4. Any data transform process you make must be version-controlled, repeatable, and fully auditable. You need to be able to identify the exact software that produced any given version of the data. The same goes for any analysis.
5. Universities are unconcerned about your consultancy receiving checks on time, regardless of how much you need them to make rent. Do not be afraid to remind them before the invoice is due, and hound them when the payments are late. Note that universities often work on Net 45 or Net 60 payment rules, so late from your perspective may not be late from their perspective. Which brings us to number 6.
6. Never work without a contract and a statement of work that stipulates exactly what you will be implementing, who will own the software, and what the payment schedule is. A lawyer specializing in contracts for freelancers and small business can help you with that; Katie Lane of Work Made For Hire helped us immensely in the early days of our consultancy.
Finally, and most importantly:
7. NEVER SUBMIT A PROPOSAL FOR A DATA PROJECT WITHOUT HAVING SEEN THE DATA. Ideally, set up a discovery period in which the client pays you to investigate their data and infrastructure and produce a proposal for the work they want done. If you have not seen the data yourself, you are not able to give an accurate estimate of how much time the project will take and how much it will cost. Following this one rule would have made this project much smoother for everyone.
Working with data can be incredibly rewarding—a treasure hunt for meaning in our digital trails. It is not, however, without its pitfalls. In data science we talk a fair amount about bad analysis; we pay less attention to the engineering challenges. This does our discipline a disservice, especially given that a slipshod approach to the underlying data pipelines can contribute to bad analysis. Learn from our mistakes so you can make new and different ones of your own!
Rachel Shadoan is the co-founder and CEO of Akashic Labs, a Portland-based research and development consultancy, where she specializes in combining research methodologies to provide rich and accurate answers to technology’s pressing questions. When she’s not playing with data, she can be found optimizing her balcony for planting space and live-tweeting episodes of Mister Rogers’ Neighborhood.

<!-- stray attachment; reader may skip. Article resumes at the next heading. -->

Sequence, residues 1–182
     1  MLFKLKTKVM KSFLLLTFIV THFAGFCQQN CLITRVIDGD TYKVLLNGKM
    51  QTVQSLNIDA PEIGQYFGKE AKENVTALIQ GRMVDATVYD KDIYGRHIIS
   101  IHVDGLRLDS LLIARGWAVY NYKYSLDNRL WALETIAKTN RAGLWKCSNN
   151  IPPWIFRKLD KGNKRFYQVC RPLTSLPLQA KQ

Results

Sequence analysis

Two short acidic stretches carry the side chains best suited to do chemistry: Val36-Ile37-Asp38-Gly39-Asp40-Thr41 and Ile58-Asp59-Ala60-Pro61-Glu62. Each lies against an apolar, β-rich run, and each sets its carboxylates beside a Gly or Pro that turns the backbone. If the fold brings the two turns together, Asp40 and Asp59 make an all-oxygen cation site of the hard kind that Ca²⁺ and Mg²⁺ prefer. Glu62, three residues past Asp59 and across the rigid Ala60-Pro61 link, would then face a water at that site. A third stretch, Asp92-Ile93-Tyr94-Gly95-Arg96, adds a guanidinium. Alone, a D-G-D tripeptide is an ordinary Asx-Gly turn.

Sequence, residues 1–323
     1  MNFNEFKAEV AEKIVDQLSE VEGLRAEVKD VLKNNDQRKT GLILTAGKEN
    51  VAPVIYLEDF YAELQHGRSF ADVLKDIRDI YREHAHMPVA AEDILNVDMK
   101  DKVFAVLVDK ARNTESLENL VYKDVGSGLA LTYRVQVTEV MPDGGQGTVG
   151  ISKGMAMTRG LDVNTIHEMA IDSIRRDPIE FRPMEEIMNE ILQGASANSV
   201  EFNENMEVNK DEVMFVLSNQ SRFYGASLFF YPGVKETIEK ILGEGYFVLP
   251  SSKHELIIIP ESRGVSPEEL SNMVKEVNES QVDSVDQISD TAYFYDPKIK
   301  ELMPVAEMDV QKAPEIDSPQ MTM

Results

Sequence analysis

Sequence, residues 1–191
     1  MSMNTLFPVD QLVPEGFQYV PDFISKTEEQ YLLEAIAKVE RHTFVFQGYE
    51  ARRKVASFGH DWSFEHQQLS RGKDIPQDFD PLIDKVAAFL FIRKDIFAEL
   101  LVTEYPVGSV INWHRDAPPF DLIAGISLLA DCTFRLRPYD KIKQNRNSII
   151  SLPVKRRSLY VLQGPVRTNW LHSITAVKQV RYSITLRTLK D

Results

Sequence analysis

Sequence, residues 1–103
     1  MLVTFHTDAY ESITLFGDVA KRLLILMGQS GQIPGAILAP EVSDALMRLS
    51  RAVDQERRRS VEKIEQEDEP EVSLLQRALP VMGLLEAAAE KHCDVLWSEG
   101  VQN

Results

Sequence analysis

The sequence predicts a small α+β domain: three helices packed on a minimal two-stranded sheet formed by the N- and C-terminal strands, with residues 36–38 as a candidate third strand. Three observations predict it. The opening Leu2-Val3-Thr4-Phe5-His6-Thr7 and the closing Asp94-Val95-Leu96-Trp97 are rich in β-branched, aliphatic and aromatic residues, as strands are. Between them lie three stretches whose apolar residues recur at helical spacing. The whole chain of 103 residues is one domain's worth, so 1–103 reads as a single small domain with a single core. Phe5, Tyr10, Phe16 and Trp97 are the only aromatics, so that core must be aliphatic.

- After we successfully exported the data, I was asked to make a dataset of mothers and their babies for researchers who were exploring how mothers’ health and economic factors impact the health of their babies. Unfortunately, not only was there not a simple way to identify whether a patient had given birth in the hospital, but also nowhere in the 26,000 tables that directly linked mothers to their babies. Building this data set required developing a way to identify patients who had given birth in the hospital, a way to identify patients who had been born in the hospital, then matching babies to their mothers based on a variety of features. This work is ongoing, but you can read more about the challenges we encountered here. ↩
- Key-value databases don’t exactly have tables. The program with the telnet interface actually considers them “files”. They’re similar to tables, but have “multiples”, which are fields that can hold lists of values, including nested lists. ↩
- This is not a typo. Key-value databases can store data with one-to-many and many-to-many relationships more efficiently than relational databases can. For instance, in a key-value database, a patient’s record could contain a list of medications. Representing that in a relational database requires a patient table, a medication table, and a join table that maps patients to medications. When converting from a key-value database to a relational database, an increase in the number of tables is expected. However, an increase of 6.5x the number of tables is highly unusual. ↩